Naira has crashed massively against dollar at the black market.
Eko Hot Blog reports that the Nigerian official currency, Naira has crashed massively against dollar weeks after a steady rise which saw it gaining over N25 since it fell to its lowest of N575 to a dollar on September 20, 2021.
This online news platform understands that survey at the Bureau De Change (BDC) market in Ogba area of Lagos, Nigeria’s commercial city, on Tuesday evening, November 23, 2021, showed that the Naira exchanged at N565/$1, two weeks after it exchanged for N530/$1.
While the speculators were hoping to see a further crash of the dollar following the steady rise of the Naira last week, the reverse is the case as the Naira trades at N565/$1 at the black market as against the N530/$1 it traded two weeks ago. This shows that the Naira lost N35 between November 15 when it traded N530/$1 and now.
This week Monday, Eko Hot Blog that the players at black market, bought a dollar for N550 and sold for N560 after they bought N537 and sold for N541 at the last week Monday, November 15.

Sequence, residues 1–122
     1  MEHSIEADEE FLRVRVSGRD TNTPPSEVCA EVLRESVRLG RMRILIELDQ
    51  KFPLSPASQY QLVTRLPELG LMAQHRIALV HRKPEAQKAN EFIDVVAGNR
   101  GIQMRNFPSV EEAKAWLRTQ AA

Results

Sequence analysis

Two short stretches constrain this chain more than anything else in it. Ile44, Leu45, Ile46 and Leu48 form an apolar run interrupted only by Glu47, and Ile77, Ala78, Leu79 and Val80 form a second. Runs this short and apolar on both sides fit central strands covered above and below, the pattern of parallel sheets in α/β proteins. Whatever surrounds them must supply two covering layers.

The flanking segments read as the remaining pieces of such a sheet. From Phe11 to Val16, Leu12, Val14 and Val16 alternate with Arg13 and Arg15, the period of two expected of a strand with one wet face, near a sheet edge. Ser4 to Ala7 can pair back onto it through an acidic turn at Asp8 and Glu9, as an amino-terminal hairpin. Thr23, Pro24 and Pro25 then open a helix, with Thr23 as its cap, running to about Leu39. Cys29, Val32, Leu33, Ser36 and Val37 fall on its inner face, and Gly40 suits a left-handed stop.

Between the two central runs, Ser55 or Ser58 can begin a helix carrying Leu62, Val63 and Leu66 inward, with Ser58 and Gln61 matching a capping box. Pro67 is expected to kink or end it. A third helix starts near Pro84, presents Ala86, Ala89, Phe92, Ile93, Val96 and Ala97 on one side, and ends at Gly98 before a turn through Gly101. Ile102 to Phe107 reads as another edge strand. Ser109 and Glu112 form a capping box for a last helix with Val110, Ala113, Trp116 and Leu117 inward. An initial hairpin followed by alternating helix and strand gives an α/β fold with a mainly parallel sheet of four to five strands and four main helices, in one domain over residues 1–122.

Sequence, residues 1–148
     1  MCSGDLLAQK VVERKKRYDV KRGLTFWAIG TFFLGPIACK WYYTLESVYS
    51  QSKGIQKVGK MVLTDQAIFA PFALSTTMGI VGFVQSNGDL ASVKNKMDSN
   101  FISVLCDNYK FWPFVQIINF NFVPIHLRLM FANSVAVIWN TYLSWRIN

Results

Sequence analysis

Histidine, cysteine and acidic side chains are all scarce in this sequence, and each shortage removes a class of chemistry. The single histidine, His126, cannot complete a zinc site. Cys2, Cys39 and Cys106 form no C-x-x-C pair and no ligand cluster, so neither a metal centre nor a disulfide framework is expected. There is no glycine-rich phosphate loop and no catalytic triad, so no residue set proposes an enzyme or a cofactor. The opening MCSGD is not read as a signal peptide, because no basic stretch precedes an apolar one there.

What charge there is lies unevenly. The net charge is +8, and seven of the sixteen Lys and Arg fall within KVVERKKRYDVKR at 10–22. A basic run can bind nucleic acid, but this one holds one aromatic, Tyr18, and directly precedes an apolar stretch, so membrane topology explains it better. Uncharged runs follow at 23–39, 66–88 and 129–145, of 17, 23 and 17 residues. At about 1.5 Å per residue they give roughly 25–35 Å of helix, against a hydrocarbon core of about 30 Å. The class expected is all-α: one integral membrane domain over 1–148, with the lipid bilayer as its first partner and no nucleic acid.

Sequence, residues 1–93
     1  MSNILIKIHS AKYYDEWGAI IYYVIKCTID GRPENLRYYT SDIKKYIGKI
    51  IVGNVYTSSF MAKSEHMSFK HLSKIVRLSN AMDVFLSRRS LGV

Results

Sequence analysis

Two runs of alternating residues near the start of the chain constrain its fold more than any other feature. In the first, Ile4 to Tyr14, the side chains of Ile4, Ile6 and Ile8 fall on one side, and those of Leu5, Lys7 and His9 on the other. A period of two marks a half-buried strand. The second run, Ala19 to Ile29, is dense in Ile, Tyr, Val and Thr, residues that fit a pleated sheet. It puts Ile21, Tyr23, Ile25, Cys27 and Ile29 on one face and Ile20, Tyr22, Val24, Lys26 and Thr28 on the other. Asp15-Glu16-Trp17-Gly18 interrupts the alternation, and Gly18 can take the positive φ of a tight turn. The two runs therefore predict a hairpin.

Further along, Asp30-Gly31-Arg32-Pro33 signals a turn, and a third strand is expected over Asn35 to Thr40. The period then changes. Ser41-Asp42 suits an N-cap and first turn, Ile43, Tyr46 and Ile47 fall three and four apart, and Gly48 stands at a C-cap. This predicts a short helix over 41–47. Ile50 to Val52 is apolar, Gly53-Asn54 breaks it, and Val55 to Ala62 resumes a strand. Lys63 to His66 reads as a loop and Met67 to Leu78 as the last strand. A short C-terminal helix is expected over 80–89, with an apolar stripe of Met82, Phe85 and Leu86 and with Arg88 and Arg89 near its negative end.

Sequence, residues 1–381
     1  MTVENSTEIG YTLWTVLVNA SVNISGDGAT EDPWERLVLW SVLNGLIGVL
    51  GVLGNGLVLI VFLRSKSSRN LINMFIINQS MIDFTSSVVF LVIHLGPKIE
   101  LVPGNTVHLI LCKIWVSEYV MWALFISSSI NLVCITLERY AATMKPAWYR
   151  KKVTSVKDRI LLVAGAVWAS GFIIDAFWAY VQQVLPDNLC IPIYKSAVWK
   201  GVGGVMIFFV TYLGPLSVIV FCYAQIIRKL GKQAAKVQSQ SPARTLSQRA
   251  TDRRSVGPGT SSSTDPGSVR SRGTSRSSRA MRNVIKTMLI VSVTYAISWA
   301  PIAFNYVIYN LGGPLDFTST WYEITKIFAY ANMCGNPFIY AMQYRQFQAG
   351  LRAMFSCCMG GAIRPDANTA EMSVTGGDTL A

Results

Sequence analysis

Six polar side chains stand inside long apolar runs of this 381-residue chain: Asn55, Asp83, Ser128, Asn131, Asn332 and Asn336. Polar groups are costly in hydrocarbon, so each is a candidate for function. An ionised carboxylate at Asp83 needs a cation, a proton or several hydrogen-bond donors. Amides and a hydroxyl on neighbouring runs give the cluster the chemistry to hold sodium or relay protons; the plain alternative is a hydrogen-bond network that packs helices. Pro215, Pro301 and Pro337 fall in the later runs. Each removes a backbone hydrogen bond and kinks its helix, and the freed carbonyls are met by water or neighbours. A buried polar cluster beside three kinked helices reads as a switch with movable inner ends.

On Tuesday, November 24, the naira fell further as it traded N565/$1 at the parallel market with the BDC operators buying at N550/$1 and selling N565/$1. This shows that the naira lost N1 as against the previous day.
Meanwhile, Eko Hot Blog reports that the new dollar to naira exchange rate today is coming months after the Central Bank of Nigeria (CBN) had on July 27, 2021, suspended foreign exchange (forex) sales to BDC operators and directed all those with a genuine need for forex to revert to banks. The naira lost value at a whooping N85 to the dollar in less than two months from N490/$1 to N575/$1 on September 20.
Even though the dollar to naira exchanged at ₦565 per $1 at the parallel market (black market), Eko Hot Blog reports that the Central Bank of Nigeria (CBN) does not recognise the parallel market, otherwise known as the black market. The apex bank has therefore directed anyone who requires forex to approach their bank, insisting that the I&E window is the only known exchange.
Disclaimer: Eko Hot Blog does not set or determine forex rates. The official NAFEX rates are obtained from the website of the FMDQOTC. Parallel market rates (black market rates) are obtained from various sources including online media outlets. The rates you buy or sell forex may be different from what is captured in this article.
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